Alaska seafood has been getting a lot of national attention lately, and while the pandemic has been a struggle for many fishermen, it has been something of a boon for marketers.
Third generation Alaska fisherman Hannah Heimbuch got her star turn on the Today Show last month, doing a live broadcast from her home in Kodiak set up by Alaska Seafood Marketing Institute, showing the audience how to select and cook wild Alaska seafood.
In the setup to the segment, timed for just before Earth Day, the hosts explained that roughly 66 percent of wild seafood and 95 percent of wild salmon caught in the U.S. comes from Alaska.
They asked her about how to choose sustainable product.
Heimbuch naturally explained that the best way to be sure that consumers get wild, sustainable, quality product is to buy product labeled as Alaska-caught.
She points out that it is written into the Alaska constitution that our fisheries management be based on science and sustainability, not to mention farmed fish being against state law.
She also mentions that buying directly from fishermen is an option that almost always ensures high quality and sustainability.
That is something that Arron Kallenberg, who started Wild Alaskan Company, has stressed to his customers.
Kallenberg's family has been fishing Bristol Bay since the days of the wooden sailboats, and his grandfather served on the Territorial Board of Fisheries.
He combined his love of fishing and his passion for computer sciences into a membership subscription seafood service where customers receive a box of assorted seafood every month or so, building it into a system with 7 national fulfillment facilities nationally, with somewhere around 180,000 customers, although not all are active at any given time.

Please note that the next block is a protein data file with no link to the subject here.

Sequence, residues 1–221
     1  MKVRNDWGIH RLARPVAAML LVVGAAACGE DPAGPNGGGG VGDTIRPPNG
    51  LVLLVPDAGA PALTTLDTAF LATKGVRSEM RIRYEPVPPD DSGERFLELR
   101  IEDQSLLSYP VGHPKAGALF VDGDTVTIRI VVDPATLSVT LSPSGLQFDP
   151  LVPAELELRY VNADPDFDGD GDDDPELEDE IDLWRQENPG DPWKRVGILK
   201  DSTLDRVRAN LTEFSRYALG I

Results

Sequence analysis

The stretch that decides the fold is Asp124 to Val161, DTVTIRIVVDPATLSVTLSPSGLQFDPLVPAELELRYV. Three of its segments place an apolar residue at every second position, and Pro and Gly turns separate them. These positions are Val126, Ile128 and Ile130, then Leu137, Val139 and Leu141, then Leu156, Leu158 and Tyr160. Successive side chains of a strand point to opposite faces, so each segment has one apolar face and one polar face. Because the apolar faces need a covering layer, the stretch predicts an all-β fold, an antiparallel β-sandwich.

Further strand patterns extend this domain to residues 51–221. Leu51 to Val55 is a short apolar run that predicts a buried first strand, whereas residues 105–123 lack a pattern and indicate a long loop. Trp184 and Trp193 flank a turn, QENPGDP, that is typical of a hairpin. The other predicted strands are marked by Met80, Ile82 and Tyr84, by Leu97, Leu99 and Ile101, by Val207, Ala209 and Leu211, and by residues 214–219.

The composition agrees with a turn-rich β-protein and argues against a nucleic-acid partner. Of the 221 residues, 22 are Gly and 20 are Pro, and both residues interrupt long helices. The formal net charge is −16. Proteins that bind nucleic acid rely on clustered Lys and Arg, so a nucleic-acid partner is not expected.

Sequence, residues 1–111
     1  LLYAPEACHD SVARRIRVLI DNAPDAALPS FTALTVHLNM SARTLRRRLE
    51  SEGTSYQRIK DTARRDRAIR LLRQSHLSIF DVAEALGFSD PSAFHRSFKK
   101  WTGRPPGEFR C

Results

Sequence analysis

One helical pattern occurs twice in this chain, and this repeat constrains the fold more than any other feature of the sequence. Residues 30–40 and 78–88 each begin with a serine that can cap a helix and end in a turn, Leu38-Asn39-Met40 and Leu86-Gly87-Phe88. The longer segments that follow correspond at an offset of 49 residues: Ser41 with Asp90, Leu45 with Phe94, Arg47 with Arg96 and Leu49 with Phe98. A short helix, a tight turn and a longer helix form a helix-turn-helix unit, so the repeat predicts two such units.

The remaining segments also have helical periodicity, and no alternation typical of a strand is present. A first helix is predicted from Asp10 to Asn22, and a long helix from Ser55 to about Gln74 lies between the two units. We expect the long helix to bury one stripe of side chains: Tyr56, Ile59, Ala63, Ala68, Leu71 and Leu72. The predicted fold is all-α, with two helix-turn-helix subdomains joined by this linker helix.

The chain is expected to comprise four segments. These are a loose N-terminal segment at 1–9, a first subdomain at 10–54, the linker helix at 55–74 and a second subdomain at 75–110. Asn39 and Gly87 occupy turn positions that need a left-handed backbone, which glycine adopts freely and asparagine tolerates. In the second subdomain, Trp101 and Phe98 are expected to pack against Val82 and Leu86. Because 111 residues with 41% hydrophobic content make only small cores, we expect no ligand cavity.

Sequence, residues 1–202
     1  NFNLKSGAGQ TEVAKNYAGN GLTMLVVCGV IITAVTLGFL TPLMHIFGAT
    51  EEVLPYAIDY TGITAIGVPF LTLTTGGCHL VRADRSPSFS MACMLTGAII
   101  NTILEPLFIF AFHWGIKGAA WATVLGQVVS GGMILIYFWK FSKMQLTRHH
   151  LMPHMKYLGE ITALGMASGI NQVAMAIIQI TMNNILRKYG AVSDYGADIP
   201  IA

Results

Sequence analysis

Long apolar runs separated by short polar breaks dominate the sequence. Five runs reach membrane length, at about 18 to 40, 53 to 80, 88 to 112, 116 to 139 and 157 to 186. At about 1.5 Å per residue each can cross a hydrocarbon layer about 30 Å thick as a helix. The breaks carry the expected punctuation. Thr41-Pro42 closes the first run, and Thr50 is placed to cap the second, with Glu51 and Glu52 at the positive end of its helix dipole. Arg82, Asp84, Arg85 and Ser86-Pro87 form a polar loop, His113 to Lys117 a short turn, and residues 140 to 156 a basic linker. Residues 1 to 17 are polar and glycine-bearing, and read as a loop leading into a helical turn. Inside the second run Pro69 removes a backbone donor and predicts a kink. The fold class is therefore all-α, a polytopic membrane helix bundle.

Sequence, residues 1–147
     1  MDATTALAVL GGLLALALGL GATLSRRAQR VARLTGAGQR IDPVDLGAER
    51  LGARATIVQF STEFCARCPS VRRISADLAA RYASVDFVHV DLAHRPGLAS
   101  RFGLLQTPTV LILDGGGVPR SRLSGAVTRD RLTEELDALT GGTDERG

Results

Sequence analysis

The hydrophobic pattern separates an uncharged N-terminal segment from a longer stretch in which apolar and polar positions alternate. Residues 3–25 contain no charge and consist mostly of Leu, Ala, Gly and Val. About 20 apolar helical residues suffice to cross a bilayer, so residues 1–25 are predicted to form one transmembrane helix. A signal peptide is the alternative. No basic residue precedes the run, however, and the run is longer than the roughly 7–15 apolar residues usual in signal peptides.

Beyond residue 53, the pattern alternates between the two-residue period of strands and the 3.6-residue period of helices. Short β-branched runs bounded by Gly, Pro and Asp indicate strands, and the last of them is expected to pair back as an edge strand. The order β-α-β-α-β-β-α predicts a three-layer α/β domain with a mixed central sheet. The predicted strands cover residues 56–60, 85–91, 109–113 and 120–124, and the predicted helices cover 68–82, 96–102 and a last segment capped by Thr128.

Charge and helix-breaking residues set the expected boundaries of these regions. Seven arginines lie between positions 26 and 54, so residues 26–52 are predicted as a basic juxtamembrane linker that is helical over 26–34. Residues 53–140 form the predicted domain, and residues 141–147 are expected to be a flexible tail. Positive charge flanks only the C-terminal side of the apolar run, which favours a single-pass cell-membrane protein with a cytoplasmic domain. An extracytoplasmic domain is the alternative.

The business launched in February 2018, and it was slow going for many months, but with tweaks to online marketing he said they started 2020 with about 20,000 subscribers nationally.
Then came the pandemic, and people were stuck at home, restaurants were largely shut down, and people started cooking and eating at home.
“Covid is a national tragedy,” he said, “but disproportionately affected the business positively,” signing up the bulk of their subscribers in the past 14 months.
“What happened from my perspective is we were grinding, grinding, grinding. and then everything changed,” he added.
He now has about 60 employees, including the fishmongers, which he calls “member experience specialists” who help people learn about how to cook and handle fish via 800 numbers, online chats, and by phone.
The fish come from all over the state, from what he called “the usual suspects,” and while he doesn't disclose sourcing or poundage, he said they have really strong relationships with their suppliers.
He said that while at their scale it is easier to work with larger suppliers, they are very conscious of the need to work directly with fishermen, and are sure to buy from more than one source for each species.
The trend toward people buying fish either from membership services or from the grocery store grew considerably over the past year, with people becoming more aware of the source and sustainability of their food, which bodes well for the industry.
This article also appears in the Homer News. Cristy Fry can be reached at email@example.com.
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